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Acta ortopédica mexicana

versión impresa ISSN 2306-4102

Acta ortop. mex vol.32 no.1 Ciudad de México ene./feb. 2018


Original articles

Treatment algorithm for Charcot foot and surgical technique with circular external fixation

Algoritmo de tratamiento para el pie de Charcot y técnica quirúrgica con fijación externa circular

JM Rios-Ruh1  * 

X Martin-Oliva2 

A Santamaría-Fumas1 

A Domínguez-Sevilla1 

L López-Capdevila1 

J Vilà y Rico3 

JM Sales-Pérez1 

1 Orthopaedic Surgeon, Department of Orthopaedics. Consorci Sanitari Integral. Barcelona, Spain.

2 Anatomy Department, Universidad de Barcelona, Spain.

3 Orthopaedic Surgeon, Department of Orthopaedics. Hospital El Remei, Spain.



Charcot neuroarthropathy (CNA), commonly known as Charcot foot, is one of the most debilitating complications of diabetes mellitus. Patients with plantar ulcer and osteomyelitis (OM) due to Charcot foot represent a high cost for health systems and society in general. The amputation risk for ulcerated Charcot patients is 12 times higher than general population under 65 years old.

Material and methods:

In this article we present the CNA treatment protocol we use in our center. We also make a detailed description of the surgical technique «single stage surgery» with circular external fixation.


Our CNA treatment protocol covers the most common presentations of this severe neuropathic complication. With the «single stage surgery» using circular external fixation we achieve an ulcer-free foot, successful treatment of the OM, correction of the deformity, diminished the cost of treatment, avoided amputation and prevented recurrence of the ulcer.


The use of a treatment algorithm based on the current literature, can be an invaluable tool in the treatment of these complex patients. The circular external fixation has proven to be the only reliable tool for treating complex Charcot foot in the context of poor bone stock, active ulcers, soft tissues problems and OM.

Key words: Charcot neuroarthropathy; diabetes; algorithm; static circular fixation; osteomyelitis; ulcer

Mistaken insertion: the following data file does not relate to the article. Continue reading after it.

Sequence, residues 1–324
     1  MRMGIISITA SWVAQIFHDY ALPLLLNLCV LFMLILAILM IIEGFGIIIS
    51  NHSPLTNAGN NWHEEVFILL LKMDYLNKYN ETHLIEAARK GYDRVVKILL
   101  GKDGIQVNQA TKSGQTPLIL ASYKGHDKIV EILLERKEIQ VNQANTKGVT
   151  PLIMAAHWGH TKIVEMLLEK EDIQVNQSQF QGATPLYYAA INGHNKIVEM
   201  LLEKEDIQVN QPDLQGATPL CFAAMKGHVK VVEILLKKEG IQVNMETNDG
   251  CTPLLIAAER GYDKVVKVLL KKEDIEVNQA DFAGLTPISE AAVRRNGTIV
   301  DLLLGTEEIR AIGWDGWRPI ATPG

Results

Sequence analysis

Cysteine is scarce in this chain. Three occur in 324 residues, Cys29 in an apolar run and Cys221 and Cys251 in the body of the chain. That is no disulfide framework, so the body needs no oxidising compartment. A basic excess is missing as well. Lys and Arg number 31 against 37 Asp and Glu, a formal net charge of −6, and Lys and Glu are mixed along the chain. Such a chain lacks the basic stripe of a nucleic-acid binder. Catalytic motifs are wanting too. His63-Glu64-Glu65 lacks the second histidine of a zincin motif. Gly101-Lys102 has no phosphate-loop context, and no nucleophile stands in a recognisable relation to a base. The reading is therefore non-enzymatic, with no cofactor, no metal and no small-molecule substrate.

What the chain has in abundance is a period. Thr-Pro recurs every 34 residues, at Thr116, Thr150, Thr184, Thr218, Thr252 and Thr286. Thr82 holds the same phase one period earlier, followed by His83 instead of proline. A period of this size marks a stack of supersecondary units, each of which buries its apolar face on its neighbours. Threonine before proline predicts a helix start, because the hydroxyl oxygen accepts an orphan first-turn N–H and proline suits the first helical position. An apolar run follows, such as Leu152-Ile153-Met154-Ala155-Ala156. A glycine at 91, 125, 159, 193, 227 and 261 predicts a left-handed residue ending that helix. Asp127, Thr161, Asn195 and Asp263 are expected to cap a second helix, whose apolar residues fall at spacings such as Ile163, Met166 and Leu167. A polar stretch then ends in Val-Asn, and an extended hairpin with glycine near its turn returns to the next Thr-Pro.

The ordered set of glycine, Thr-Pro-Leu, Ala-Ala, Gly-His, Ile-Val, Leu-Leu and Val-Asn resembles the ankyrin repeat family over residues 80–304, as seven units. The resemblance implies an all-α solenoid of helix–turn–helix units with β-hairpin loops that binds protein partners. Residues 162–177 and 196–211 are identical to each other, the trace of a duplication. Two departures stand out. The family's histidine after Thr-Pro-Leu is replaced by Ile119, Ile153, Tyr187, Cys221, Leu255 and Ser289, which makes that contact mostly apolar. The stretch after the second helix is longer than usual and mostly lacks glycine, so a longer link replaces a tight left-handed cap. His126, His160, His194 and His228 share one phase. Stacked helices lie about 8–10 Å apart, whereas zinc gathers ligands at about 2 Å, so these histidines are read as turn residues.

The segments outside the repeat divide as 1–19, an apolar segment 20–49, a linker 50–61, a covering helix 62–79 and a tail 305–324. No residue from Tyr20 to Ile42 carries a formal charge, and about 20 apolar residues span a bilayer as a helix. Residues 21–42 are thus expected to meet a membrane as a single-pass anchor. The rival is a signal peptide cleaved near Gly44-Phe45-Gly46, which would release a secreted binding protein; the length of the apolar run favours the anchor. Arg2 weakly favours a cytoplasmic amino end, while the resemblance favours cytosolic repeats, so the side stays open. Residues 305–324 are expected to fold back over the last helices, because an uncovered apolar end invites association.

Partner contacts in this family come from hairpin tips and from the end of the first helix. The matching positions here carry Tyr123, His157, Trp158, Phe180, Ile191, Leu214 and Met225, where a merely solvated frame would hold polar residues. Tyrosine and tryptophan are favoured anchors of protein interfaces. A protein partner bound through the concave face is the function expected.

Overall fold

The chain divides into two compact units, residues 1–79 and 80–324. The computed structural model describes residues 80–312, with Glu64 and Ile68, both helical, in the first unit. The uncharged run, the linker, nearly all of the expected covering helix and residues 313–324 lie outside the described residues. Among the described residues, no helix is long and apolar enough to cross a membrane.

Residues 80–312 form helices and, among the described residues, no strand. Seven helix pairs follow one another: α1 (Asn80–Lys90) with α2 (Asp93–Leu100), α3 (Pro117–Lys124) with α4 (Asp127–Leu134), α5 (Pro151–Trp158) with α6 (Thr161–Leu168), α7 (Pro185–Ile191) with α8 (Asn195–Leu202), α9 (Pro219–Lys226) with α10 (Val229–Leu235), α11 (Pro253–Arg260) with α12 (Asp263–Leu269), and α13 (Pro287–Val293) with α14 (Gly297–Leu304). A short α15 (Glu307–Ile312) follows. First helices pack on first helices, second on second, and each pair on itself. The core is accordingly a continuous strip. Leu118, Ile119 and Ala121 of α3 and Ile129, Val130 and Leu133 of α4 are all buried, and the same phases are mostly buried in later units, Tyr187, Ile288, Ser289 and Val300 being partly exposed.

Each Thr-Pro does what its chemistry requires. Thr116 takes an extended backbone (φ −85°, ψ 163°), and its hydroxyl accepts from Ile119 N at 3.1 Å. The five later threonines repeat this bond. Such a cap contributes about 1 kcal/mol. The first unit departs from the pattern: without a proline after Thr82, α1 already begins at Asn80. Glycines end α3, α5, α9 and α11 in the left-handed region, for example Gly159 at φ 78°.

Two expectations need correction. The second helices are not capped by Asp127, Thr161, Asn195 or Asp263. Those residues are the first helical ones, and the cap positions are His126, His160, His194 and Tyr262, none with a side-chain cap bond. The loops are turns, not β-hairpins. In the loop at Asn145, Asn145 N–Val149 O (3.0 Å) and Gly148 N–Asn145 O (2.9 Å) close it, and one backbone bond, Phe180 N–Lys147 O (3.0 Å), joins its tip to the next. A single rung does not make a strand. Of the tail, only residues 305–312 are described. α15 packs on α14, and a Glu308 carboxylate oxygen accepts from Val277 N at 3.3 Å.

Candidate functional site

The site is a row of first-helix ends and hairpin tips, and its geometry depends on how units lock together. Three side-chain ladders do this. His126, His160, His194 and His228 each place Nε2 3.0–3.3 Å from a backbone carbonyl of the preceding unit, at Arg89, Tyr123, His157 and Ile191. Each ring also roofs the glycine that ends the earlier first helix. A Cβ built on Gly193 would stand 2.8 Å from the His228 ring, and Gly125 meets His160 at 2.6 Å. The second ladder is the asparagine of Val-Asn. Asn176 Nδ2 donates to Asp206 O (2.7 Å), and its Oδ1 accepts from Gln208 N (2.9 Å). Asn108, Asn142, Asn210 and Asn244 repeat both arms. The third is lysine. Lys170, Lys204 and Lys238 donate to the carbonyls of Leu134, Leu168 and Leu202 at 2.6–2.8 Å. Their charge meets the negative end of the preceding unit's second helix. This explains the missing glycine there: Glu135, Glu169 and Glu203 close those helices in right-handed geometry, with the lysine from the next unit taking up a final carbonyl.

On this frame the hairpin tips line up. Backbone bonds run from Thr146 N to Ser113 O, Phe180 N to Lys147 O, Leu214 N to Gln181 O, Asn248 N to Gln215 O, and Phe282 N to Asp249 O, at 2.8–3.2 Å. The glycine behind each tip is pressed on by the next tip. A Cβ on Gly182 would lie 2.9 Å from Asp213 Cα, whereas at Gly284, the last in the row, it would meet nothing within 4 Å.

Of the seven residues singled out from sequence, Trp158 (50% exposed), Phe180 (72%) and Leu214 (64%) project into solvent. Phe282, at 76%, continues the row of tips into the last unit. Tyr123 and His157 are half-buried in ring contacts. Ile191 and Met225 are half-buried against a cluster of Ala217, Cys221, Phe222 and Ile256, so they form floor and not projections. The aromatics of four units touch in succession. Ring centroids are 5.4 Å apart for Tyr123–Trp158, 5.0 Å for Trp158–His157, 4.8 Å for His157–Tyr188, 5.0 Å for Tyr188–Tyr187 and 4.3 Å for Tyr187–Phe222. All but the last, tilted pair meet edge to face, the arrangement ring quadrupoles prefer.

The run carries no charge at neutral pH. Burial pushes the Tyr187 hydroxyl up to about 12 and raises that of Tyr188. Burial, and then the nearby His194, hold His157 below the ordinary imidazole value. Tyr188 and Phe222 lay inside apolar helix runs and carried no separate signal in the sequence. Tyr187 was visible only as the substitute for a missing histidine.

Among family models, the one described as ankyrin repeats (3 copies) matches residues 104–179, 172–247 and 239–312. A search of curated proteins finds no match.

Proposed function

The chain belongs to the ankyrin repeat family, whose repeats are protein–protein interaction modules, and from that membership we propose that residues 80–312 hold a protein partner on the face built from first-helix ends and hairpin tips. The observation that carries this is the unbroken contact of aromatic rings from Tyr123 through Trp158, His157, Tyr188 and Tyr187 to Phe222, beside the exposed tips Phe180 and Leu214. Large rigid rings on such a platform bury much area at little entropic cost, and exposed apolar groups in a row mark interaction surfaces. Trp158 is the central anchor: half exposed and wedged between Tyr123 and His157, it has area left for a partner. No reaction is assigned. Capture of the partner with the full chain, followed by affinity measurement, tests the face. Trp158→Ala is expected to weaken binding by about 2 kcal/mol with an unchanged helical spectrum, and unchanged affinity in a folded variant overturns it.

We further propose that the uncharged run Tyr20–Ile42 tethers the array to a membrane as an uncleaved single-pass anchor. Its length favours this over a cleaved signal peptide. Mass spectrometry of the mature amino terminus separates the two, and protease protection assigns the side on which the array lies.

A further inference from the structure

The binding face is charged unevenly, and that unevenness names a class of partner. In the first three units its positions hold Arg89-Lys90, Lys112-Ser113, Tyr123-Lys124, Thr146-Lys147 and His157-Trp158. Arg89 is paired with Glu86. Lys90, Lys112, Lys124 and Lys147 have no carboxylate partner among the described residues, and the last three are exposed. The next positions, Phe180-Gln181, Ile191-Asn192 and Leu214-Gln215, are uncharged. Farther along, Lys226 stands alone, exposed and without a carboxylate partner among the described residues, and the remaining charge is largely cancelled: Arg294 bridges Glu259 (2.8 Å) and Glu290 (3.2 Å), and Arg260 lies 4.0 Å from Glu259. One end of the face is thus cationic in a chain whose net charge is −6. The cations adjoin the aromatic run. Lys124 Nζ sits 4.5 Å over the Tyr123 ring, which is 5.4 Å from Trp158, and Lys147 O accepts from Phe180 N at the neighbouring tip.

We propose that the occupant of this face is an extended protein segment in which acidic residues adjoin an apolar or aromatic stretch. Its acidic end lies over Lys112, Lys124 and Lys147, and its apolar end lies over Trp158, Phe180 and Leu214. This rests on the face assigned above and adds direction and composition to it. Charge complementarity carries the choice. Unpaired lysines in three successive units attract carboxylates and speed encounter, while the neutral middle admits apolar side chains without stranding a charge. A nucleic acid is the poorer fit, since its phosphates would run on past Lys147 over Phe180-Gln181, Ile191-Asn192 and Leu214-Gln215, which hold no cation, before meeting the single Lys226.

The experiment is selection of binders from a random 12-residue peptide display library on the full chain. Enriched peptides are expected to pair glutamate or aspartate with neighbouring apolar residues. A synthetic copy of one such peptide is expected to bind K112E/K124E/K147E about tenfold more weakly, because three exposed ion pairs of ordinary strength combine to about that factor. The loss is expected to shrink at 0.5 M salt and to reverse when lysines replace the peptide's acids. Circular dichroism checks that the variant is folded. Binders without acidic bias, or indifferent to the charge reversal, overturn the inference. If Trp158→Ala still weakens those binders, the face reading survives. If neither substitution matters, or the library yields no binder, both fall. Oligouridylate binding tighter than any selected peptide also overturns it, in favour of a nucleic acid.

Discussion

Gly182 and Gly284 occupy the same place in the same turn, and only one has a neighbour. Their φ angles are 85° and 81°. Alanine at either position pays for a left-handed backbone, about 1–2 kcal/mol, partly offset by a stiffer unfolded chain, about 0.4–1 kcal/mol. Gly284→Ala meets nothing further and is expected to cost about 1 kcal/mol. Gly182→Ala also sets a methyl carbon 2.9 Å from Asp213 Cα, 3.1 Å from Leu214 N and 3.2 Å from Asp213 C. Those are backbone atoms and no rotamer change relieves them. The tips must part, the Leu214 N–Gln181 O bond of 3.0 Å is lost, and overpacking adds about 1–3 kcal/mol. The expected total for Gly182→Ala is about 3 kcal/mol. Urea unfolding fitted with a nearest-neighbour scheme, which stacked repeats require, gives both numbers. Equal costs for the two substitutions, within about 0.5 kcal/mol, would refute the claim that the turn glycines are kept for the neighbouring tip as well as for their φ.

La neuroartropatía de Charcot, comúnmente llamado «pie de Charcot», es una de las complicaciones más incapacitantes de la diabetes mellitus. Los pacientes con úlceras plantares y osteomielitis representan un gasto elevado para los diferentes sistemas de salud y la sociedad en general. El riesgo de amputación en estos pacientes es 12 veces más elevado que en la población general menor de 65 años.

Material y métodos:

En el presente trabajo mostramos el algoritmo de tratamiento de nuestro centro y también presentamos de manera detallada la técnica quirúrgica de un solo tiempo con fijación externa circular.


Nuestro algoritmo de tratamiento cubre la mayor parte de las presentaciones clínicas de esta complicación. Con la cirugía en un solo tiempo y el uso de la fijación externa circular se ha logrado desaparecer las úlceras, tratar satisfactoriamente la osteomielitis, corregir la deformidad, disminuir costos, prevenir recurrencias y evitar las amputaciones.


El uso de un algoritmo de tratamiento basado en la literatura actual es de suma utilidad para este grupo de pacientes. La fijación externa circular ha demostrado ser una herramienta confiable en el tratamiento integral de estos casos.

Palabras clave: Neuroartropatía de Charcot; diabetes; algoritmo; fijación circular estática; osteomielitis; úlceras